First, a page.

March 11, 2010
By Alton K. Marsh
Jeffrey Moss of Los Angeles, Calif., is the CFI of the year.
The General Aviation Awards program has named the recipients of its government- and industry-sponsored awards that each year recognize flight instructors, maintenance and avionics technicians, and FAA Safety Team representatives. AOPA is among the industry sponsors. The awards will be presented in July during a “Theater in the Woods” program during EAA AirVenture in Oshkosh, Wis.
The aviation maintenance technician of the year is Neil Nederfield of Fairfield, N.J. Nederfield has been an airframe and powerplant technician for 45 years. He and his son own C and W Aero Services at Essex County Airport in Caldwell, N.J.
The avionics technician of the year is Kirk Peterson, who has 25 years of experience. He is employed by the University of North Dakota’s John D. Odegard School of Aerospace Sciences and maintains the university’s fleet of over 100 training aircraft.
The CFI of the year is Jeffrey Moss of Los Angeles, Calif. He offers Cessna Corvalis and Cirrus training, and is an independent instructor and mentor pilot on the Cessna Citation Mustang and CJ series, Eclipse 500, Embraer Phenom 100/300, and Hawker Beechcraft Premier IA. A Master CFI, he specializes in training piston pilots for their initial single-pilot jet type rating.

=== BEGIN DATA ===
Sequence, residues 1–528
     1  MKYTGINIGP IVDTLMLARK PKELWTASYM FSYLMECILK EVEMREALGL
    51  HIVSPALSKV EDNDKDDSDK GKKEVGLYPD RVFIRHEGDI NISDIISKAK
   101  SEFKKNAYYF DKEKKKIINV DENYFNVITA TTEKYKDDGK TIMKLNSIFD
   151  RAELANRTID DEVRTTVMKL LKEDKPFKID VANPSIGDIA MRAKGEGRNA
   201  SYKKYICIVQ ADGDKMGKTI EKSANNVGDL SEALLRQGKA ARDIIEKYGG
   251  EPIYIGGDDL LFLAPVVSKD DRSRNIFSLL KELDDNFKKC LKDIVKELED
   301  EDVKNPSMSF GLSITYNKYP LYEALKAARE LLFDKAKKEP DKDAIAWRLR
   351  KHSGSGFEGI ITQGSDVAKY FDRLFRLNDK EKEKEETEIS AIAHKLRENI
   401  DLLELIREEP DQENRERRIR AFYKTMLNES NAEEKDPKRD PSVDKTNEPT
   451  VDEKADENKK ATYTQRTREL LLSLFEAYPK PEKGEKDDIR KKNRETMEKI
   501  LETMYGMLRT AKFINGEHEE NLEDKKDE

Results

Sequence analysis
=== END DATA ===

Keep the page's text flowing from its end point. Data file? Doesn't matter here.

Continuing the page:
The FAA Safety Team representative of the year is Thomas Turner, a Master CFI from Rose Hill, Kan. He conducts WINGS seminars in the Wichita area, writes prolifically, and maintains aviation safety Web sites. Currently, Turner is the executive director of the American Bonanza Society.
AOPA Pilot Senior Editor Alton Marsh has been a pilot since 1970 and has an airline transport pilot certificate and instrument and multiengine flight instructor certificates, aerobatic training, and a commercial seaplane certificate.
As the cold weather chills AOPA’s Headquarters in Frederick, many of us are inside generating new resources for flying clubs.
In my house, every Friday night is “Movie Night.” While the movies are rarely educational (I don’t think I learned anything from the Lego Movie), we look forward to the weekly opportunity to spend time together. Why not use the same concept for your Flying Club (with the addition of education, of course)?
AOPA Flying Club Manager Kelby Ferwerda posted the following on the AOPA Flying Club Facebook Page: “Recently I’ve talked with quite a few Flying Clubs about maintaining social activity through the cold winter months. Some clubs host Holliday Parties, others have Potluck Movie Nights. What does your club do to keep members involved during the chilly months?”
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